Papilio zelicaon
Anise Swallowtail

Family Description:
Caterpillar: The caterpillar is typically green to bluish green and marked with alternating thick and thin black bands. The thick bands are dotted with yellow to orange spots, and each segment is marked with one or two black spots on the bottom of each side, right above the "leg." It can reach a maximum length of two inches.
Adult: The butterfly is large, with a wingspan 2 to 3 inches, and tailed. The upperside is yellow marked with black. Specifically, the black occurs near the body, in a thick band spotted with yellow on the front leading edge of the forewing, and in a thick border, dotted with yellow, from the forewing tip to the rear. The yellow occurs as a straight band spanning the wings, curving down towards the abdomen on the hindwing. The hindwing is marked with several patches of blue and at the rear with an orange eyespot that has an isolated black center. Underneath, the butterfly is similarly marked. Both the fore- and the hindwing have more blue than on the upperside, and the hindwing has several hazy spots of orange on both sides of the blue patches. The butterfly’s abdomen is black and marked with a wide yellow stripe on the side. Note that a rare, black form of the species can occur.

This species ranges from central British Columbia and Alberta south through the western half of the U.S. to southern California and northern Arizona and New Mexico. It ranges east as far as the western edge of the Dakotas and Nebraska and central Colorado. In Idaho, it occurs throughout most of the state.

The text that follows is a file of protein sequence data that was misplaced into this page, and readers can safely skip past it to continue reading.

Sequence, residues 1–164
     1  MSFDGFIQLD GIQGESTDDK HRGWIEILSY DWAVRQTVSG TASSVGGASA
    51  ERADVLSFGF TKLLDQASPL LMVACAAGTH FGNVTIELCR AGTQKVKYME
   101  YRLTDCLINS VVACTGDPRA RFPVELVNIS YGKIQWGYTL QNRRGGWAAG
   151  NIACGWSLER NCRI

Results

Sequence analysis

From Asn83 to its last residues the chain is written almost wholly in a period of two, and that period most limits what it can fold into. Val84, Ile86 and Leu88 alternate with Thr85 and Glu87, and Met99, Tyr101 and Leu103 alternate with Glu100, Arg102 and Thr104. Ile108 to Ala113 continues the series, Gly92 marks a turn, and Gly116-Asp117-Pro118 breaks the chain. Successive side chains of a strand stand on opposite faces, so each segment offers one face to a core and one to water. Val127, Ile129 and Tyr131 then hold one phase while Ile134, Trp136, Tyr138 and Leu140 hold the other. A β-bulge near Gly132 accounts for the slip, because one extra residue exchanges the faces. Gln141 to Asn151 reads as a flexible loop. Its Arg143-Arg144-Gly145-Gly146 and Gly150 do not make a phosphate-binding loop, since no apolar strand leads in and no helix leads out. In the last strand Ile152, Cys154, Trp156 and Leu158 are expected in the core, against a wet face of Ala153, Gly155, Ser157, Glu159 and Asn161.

It utilizes almost every type of habitat except within forests.


Caterpillar: Caterpillars feed on the leaves, buds, and flowers of a variety of plant species, primarily from the parsley family (Apiaceae) and several from the citrus family (Rutaceae).
Adult: Butterflies drink flower nectar.

There are two generations of caterpillars each year in most of the range. There may be only one generation in higher elevations and there are many each year in California. Younger caterpillars feed on leaves and switch to flowers when older. They may cause damage to citrus groves in California. Pupae present when temperatures drop will overwinter in a physiological state called diapause, and can remain in diapause for several seasons. Adults generally fly from April through July inmost of its range.

Males both perch and actively patrol in search of receptive females. Courting males and females will often congregate at high points in the landscape in order to find potential mates. This behavior is called "hill topping." Females lay eggs on the leaves and flowers of host plants.

Idaho Status: Unprotected nongame species.
Global Rank:

G5; populations are widespread, abundant, and secure.

Ferris, C. D. and F. M. Brown. (eds.) 1981. Butterflies of the Rocky Mountain States. Univ. of Oklahoma Press, Norman, Oklahoma, USA, 442 pp.

Opler, P. A., H. Pavulaan, and R. E. Stanford. 1995. Butterflies of North America. Jamestown, North Dakota, USA: Northern Prairie Wildlife Research Center Home Page. (Version 05Nov98).

Opler, P. A. and A. B.Wright. 1999. A Field Guide to the Western Butterflies.   Second Edition.  Peterson Field Guide Series. Houghton Mifflin Company, New York, New York, USA, 540 pp.

Pyle, R. M. 1981. National Audubon Society Field Guide to North American Butterflies. Alfred A. Knopf, Inc., New York, New York, USA, 924 pp.

Scott, J. A. 1986. The Butterflies of North America. Stanford University Press, Stanford, California, USA, 583 pp.

Stanford, R. E. and P. A. Opler. 1993. Atlas of Western U.S.A. Butterflies (Including Adjacent Parts of Canada and Mexico). Published by authors, Denver, Colorado, USA, 275 pp.